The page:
Estimating interrelated nonconvex adjustment costs
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- Master Thesis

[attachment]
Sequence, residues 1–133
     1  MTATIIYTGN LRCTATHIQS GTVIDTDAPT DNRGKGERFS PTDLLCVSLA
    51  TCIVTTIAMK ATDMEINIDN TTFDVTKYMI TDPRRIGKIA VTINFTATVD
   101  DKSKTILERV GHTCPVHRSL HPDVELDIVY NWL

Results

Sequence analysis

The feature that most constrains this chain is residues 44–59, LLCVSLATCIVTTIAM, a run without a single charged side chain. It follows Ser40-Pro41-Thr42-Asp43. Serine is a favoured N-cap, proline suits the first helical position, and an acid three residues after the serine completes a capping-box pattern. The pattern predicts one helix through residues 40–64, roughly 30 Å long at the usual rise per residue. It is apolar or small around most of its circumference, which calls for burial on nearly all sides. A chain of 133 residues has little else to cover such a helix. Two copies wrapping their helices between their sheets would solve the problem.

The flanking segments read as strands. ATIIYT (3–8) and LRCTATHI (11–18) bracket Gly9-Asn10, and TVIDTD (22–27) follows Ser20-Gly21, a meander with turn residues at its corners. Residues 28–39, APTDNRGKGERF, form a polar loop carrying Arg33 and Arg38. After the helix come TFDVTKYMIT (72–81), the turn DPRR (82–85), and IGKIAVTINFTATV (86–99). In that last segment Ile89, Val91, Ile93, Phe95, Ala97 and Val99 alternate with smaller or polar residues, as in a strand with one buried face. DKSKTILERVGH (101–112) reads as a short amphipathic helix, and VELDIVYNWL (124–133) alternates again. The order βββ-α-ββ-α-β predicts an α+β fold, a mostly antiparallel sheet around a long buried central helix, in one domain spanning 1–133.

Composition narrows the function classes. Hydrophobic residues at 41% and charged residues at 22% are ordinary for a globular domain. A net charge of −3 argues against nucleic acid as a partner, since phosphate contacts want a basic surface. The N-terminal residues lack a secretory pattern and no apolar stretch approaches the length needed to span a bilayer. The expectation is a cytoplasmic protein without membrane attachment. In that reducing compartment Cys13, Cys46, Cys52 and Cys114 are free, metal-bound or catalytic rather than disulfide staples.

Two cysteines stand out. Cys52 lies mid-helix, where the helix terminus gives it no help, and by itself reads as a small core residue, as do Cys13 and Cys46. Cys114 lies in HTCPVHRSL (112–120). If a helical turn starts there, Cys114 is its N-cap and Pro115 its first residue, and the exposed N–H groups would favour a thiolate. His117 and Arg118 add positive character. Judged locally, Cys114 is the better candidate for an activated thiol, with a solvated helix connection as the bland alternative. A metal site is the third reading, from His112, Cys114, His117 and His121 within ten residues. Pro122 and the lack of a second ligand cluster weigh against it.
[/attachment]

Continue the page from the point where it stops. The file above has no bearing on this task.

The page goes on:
Adjustment costs associated with firms’ acquirement or disposal of factors of production can make the individual firm unresponsive to changes in their environment. This is the reason why costs of adjustments is assumed to be one of the reasons why we observe firm and plant level adjustment patterns as unevenly distributed over time. Understanding what characterizes such costs is important for understanding firm level behaviour, but can also be important to understand dynamics of both capital and labor demand at macro level. Because several studies on adjustment costs and factor demand indicate correlation in the demand for production factors, this thesis aims to present a way to simultaneously estimate adjustment cost functions of two factors, including both convex and nonconvex components. Joint estimation also allows for possible existence of interrelations in the adjustment cost function. A likelihood function for estimation by Maximum Likelihood is derived, and results after estimation on simulated panel data is presented. The text shows how a likelihood function can be written to estimate adjustment cost parameters that can be traced directly back to a theoretical framework for adjustment costs and factor demand. It is also shown that under certain conditions, the procedure inhabits weaknesses regarding identification of model parameters, which should be improved for increased robustness.